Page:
There are commercial processes for layered fabrication that use binderless metal powder. However, these methods require very expensive high power lasers. Moreover, building parts with overhang features may be problematic with these methods.

SUMMARY

A selective inhibition of sintering (SIS) technique may be used to fabricate a three-dimensional (3-D) metal object from a binderless metal powder. A number of layers of metal powder are provided on a build tank. For each layer, regions of the layer are sinter-inhibited. This may be achieved by, e.g., depositing a sinter-inhibiting material such as a metal salt (e.g., potassium phosphate) or ceramic slurry or by oxidizing metal particles in the powder using a concentrated heat source such as a laser or micro-torch. Each layer may be compacted before the next layer is provided. A final compact may then be sintered. Unwanted sintered sections may be removed from the compact at boundaries formed by the sinter-inhibited (unsintered) regions, and the object extracted.

BRIEF DESCRIPTION OF THE DRAWINGS

FIGS. 1A and 1B show a flowchart describing a selective inhibition of sintering (SIS)-metal process.

FIG. 2 is a perspective view of an exemplary system for practicing the SIS-metal process.

FIGS. 3A-3D illustrate an exemplary macroscopic mechanical inhibition method.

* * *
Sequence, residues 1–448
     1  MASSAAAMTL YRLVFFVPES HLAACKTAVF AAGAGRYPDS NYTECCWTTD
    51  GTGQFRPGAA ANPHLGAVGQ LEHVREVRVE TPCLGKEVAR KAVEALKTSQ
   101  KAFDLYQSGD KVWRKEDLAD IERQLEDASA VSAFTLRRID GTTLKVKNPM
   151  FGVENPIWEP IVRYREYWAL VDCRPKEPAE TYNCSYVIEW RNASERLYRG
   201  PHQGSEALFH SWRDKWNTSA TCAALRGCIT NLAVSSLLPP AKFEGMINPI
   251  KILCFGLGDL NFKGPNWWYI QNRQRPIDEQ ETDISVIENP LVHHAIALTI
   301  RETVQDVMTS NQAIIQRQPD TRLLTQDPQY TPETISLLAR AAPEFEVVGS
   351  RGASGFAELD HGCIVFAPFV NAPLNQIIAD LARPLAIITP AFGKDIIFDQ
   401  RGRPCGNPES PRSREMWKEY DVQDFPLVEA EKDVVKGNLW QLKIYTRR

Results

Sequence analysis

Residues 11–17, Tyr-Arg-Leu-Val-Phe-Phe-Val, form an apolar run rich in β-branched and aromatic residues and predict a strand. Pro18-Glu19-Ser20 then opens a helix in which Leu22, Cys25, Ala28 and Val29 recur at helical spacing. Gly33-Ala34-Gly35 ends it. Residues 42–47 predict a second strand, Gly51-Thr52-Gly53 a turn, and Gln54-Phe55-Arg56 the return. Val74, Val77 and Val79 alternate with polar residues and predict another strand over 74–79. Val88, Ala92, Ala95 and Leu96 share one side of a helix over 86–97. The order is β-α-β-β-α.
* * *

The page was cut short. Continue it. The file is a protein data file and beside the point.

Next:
DETAILED DESCRIPTION

FIGS. 1A and 1B show flowchart describing a selective inhibition of sintering (SIS)-metal process 100, which is capable of building dense metallic parts of a desired geometry from metal powder without the use of molds or polymer binders. The desired geometry may be presented by a computer-aided design (CAD) model. The process may be used for paid fabrication of accurately formed, functional metallic parts. FIG. 2 illustrates exemplary stations which may be used in the process 100.

A metal powder is spread into a thin layer 205 over a build tank 210 using a roller 215 or a passing blade (block 105). A motorized press 220 equipped with a pressure sensor compacts the newly spread metal powder layer to create a powder bed with a specified density (block 110).

A concern associated with the use of low-pressure compaction is the effect of multiple compression cycles upon the powder density through the compact. As the compact is constructed in the build tank, the lower layers of the compact will experience repeated compressive forces as the succeeding layers of the compact are laid and compressed, whereas the upper layers of the compact will only experience a few compression cycles. The differences in total compressive force experienced by each layer may result in a density gradient through the compact. This potential problem may be alleviated by developing a program of compression pressures in which the pressure applied to compress each layer is adjusted in a pre-determined pattern. The program may be constructed such that each layer experiences approximately the same total compressive force throughout the build of the compact.

The use of high-pressure compaction may also increase the deformation of irregular particles at the upper surface of the layer. This may result in reduced inter-layer bonding with the following layer. Consequently, it may be necessary to introduce a mesh engraving or roughness to the surface of the punch in order to facilitate inter-layer bonding and avoid weak inter-layer bonds.